1862-12-08Camp opposite Fredericksburg, Va.
Camp opposite Fredericksburg, Va.

Dec 8th 1862

Dear Parents

This pleasant morning finds me again trying to write a few lines to you to let you know I am getting along well as usual though I find it rather cold weather for the tents we have to live in, though there are 5 of us who get along very comfortable. We have built us a log shanty and neat little fireplace of sod. It makes a cozey little place. I think if the soldiers all get home they will know how to make themselves comfortable if the service don't get them in the notion that idleness is luxury. Those stamps you sent me came very acceptable and the paper especially for there is no suttler here at present that has any paper or stationery of any kind. Perhaps you think I have been rather negligent for I have rec'd two letters from you since I have written but I have been very busy so I think I am excusable. I have sent you $30.00 by check to Sherwood. I did not get any money from Shelly this pay day but you can do with what money I send home as you like for if I ever get home, what is laid out on the farm will be better than money and what you pay on debts stops interest but if I should get any from the other boys you may put it out at interest if you can get the percent you spoke of with real estate as security for I only have to pay him 6 percent and have it for two years. If you want to use it do so for it is as cheap as you can get money at home and probably cheaper. I do not know as I have anything of importance to communicate at present. Our troops are all lying quiet, that is, this part of the army but I saw a notice of the fleet at Fortress Monroe sailing with sealed orders. Some think that there is an expedition fitting out to try Richmond while we are lying here to draw the attention of the enemy but there is no knowing of a surety what is going on. The papers say that the Rebels are in for an amnesty to allow them a chance to elect Congressmen and so return to the Union but I hope it will be settled by spring at least so that I can be at home next summer, if possible, and I should not object this winter. I have not time or I would write a longer letter this time. I do not feel like writing much either. I did not think Mother had forgotten me the reason of her not writing, but I wish she would write more often than she does but I must close this time. This from your Affectionate Son.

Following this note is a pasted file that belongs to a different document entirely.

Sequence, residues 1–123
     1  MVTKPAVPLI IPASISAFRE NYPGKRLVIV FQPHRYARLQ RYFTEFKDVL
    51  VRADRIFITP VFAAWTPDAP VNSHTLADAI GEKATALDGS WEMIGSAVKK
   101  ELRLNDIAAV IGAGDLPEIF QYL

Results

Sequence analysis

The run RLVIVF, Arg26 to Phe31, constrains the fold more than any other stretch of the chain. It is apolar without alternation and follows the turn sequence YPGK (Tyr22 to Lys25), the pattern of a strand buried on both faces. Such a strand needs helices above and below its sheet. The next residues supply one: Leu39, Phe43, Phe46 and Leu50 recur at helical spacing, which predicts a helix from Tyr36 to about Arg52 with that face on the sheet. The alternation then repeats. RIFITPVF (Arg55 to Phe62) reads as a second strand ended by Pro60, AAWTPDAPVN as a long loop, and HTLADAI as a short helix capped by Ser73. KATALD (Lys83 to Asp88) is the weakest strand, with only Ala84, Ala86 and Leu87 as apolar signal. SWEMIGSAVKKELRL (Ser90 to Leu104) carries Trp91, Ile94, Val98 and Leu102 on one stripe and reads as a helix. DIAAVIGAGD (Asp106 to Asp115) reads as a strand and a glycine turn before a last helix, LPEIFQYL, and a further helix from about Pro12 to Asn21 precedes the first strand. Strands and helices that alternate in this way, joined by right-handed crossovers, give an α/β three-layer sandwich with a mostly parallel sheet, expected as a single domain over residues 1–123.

J .D. Strait